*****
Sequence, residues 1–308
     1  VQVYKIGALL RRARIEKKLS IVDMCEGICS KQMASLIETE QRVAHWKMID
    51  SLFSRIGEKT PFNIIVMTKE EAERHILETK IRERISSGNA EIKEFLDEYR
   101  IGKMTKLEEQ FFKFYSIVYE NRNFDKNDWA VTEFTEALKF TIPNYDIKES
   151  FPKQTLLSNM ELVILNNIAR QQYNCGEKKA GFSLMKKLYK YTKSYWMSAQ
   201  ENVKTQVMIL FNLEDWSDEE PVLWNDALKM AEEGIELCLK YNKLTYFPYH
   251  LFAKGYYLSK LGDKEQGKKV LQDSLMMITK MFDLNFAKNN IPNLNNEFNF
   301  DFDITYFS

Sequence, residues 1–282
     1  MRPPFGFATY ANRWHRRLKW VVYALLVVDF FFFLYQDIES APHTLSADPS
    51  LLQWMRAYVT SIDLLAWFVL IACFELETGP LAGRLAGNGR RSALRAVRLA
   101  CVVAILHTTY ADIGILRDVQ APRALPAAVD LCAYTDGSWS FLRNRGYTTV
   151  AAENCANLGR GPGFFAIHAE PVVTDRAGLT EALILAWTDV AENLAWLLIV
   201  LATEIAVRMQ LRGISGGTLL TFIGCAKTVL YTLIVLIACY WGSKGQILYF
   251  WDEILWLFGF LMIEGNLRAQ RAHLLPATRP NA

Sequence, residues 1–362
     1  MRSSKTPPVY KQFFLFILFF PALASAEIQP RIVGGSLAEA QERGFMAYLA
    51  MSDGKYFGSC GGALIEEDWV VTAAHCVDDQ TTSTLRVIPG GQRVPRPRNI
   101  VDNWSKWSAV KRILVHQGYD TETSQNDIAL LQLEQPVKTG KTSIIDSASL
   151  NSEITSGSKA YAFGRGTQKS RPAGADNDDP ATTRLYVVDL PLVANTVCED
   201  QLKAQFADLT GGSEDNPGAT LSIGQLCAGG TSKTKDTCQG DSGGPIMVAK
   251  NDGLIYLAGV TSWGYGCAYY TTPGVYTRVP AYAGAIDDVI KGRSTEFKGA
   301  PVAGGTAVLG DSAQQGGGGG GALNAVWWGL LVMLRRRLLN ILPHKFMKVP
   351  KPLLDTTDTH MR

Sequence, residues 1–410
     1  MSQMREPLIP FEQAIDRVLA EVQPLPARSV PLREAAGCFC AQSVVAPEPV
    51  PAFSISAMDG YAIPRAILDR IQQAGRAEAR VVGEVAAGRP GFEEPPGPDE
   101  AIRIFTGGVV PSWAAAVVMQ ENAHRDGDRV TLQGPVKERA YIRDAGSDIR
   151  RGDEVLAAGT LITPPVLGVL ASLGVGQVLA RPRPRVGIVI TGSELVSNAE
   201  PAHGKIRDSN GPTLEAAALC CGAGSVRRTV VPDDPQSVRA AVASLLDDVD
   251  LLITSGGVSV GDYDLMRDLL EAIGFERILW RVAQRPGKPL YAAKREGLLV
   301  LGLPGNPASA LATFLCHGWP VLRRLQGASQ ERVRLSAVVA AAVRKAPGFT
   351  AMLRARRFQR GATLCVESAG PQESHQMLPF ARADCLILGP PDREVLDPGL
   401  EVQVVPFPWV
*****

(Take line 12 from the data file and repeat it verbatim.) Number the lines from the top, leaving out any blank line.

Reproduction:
   101  CVVAILHTTY ADIGILRDVQ APRALPAAVD LCAYTDGSWS FLRNRGYTTV